Updated 10 months ago
EDGEWOOD, Ky. (AP) - Statistics show cases of hepatitis C have exploded in northern Kentucky.
Due to the increase, the Independent Health Department District is offering free testing to anyone concerned about the chronic blood-borne disease that affects the liver. In addition, the department is encouraging high-risk groups to get tested.
The Kentucky Enquirer (http://bit.ly/YEXCR3) reports the area had 23 cases of acute hepatitis C in 2010, 42 in 2011 and 44 in 2012. Officials have said the heroin epidemic in the area is likely a factor in the increase.
"We are no longer surprised by the numbers because we have been seeing it rise for a few years now," said Patricia Burns, infection control coordinator for St. Elizabeth Healthcare hospitals. "I have to think it is related to the issues in NKY surrounding illegal, intravenous drug use."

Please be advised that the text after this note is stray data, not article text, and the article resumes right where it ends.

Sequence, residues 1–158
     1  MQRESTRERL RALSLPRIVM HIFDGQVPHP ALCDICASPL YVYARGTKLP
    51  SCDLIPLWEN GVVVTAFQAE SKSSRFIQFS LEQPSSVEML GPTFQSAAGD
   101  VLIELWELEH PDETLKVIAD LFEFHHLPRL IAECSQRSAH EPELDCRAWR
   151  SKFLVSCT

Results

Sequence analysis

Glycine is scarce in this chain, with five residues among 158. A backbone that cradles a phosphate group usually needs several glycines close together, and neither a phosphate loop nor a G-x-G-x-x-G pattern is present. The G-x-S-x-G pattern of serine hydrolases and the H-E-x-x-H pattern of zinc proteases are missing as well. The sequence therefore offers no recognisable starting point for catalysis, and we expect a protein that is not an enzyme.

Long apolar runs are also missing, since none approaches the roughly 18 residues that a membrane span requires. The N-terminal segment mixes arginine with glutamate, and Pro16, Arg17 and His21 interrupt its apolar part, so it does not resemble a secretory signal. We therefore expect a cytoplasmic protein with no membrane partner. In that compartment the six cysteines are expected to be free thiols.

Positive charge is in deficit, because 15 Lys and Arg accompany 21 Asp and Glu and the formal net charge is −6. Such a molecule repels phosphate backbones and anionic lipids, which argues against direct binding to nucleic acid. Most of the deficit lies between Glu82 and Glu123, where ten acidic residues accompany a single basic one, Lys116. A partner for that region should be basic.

Health department spokeswoman Emily Gresham Wherle said anyone who tests positive for the disease will be provided with counseling, education and care options. She says the health department also hopes to get a better understanding of the prevalence of the problem.
Counties included in the health district include Boone, Campbell, Kenton and Grant.
Jennifer Hunter, the health department's director of clinical services, said testing began last year and will continue through at least March. At that point, she said the Centers for Disease Control and Prevention will evaluate the results and determine whether the program should continue.
She said hepatitis C is usually transferred by sharing items to inject drugs, such as syringes.
"Almost 88 percent (of those tested) had a history of IV drug use," Hunter said.
Dr. Lynne Saddler, district director of health, attributed some of the increase to growing awareness, and encouraged those in risk groups to get tested and get treatment if needed.
"Obviously, these folks need to know what their status is and take appropriate actions in their own lives," Saddler said. "We all need to be sure we are reducing our risks."
Information from: The Kentucky Enquirer, http://www.nky.com
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